I’m sure you’re use to seeing patrol cars on this site from the 1980’s – 1990’s, so I thought I would throw you a curve ball.
This is the NYPD (New York Police Department) 2010 Ford Fusion Hybrid. It is not a police package or special service package car. So why does NYPD use them?
NYPD put these cars in service in August 2010. According to Mayor Bloomberg, “These vehicles use less fuel and emit fewer pollutants into the air we breathe.” The goal is to gradually replace 3,000 gas-guzzling Chevy Impalas that regularly prowl the streets.
The Ford Fusion gets an EPA-estimated 41 miles per gallon – more than double the gas mileage of the iconic Impala patrol car. The effort is part of a plan to reduce the city government’s carbon footprint 30% by 2017. The ability of full hybrids to switch off their engines when stopped, and run short distances solely on electric power, makes them perfect for urban duty.
“It’s a bonus when we can add outstanding fuel economy to the mix,” said NYPD Commissioner Raymond Kelly.
The Ford Hybrid cruiser can do more than save fuel. Some can even scan license plates, link up to databases at police headquarters, use built-in radiation detectors and digitally record everything it sees from its windshield, according to Deputy Inspector Brandon del Pozo of the NYPD’s Project Management Office.
“It’s inevitable that police cars will be bringing more and more technology to the street,” del Pozo told the Daily News. “This car features the best technology currently available. It will be able to take information from the street and send it back to the commanders in headquarters so they can make correct, on-the-spot decisions.”
One of the car’s key features is its infrared scanner that reads numbers at license-plate level.
(License plate readers (scanners) mounted on the trunk lid of a NYPD Ford Fusion)
The scanner has a link to the NYPD’s databases, so it can alert cops if it spies a license plate that has been reported stolen, has been used in a crime or has outstanding tickets.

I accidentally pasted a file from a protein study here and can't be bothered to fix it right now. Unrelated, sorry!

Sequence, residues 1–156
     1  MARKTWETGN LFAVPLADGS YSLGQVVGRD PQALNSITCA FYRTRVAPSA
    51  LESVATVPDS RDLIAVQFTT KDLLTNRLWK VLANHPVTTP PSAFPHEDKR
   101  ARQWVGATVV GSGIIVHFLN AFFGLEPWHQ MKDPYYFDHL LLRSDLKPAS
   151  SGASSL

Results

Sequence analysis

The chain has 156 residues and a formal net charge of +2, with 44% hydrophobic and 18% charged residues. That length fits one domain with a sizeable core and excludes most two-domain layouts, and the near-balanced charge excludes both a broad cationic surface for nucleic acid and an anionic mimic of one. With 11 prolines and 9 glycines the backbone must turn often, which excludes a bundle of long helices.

“It can scan hundreds of plates in minutes,” said Captain Max Tolentino, the commanding officer of the 84th Precinct in Brooklyn Heights. “It’s a great tool when looking for a stolen car.”
Police cars in general are getting smaller as the NYPD and the city are becoming more fuel-conscious
Ford’s New Ford Fusion ‘Responder’:
Seven years after the fact, Ford is finally going to offer a police version of the Fusion in 2017. Ford calls it the ‘Police Responder Hybrid Sedan‘. It’s stuck somewhere between their ‘Interceptor’ and ‘Special Service Vehicle’ package vehicles. Generally, the special service vehicles come with an upgraded alternator and is designed to meet the electrical demands of a police car, as well as a more basic interior for easier clean up. The interceptors generally have upgrades in the suspension, brakes, cooling and are designed to meet all of the electrical demands as well. They also have ballistic panels in the doors, are designed to sustain a 75-MPH rear end collision.
The Police Responder Hybrid Sedan is based on the Ford Fusion Hybrid, but a number of changes have been made to fit it out for serious police work. Among other things, the Police Responder will have better engine cooling, stronger brakes, a more rugged suspension system and skid plates underneath to protect mechanical components when the car drives over curbs. When the throttle is held down for five seconds, the car will go into pursuit mode, using both the electric motor and the gas engine for maximum performance.
The Police Responder’s interior has also been modified for police use with front seat cushions shaped to accommodate equipment belts and gun holsters. The back seat area has been designed without seatback or door pockets where a suspect could hide contraband or weapons. The backrests of the front seat are also equipped with protective anti-stab panels.The car has easy-to-clean surfaces for the ready removal of unspeakable messes.
The Police Responder Hybrid Sedan is intended mostly for urban use, according to Ford. For chasing down speedsters on the highway, Ford’s Taurus-based Police Interceptor, available with a turbocharged V6 engine, is still recommended. For one thing, the Police Responder lacks protection against high-speed rear impacts that can occur when police cars are stopped on the shoulder of a highway.
More NYPD Ford Fusion Photos:
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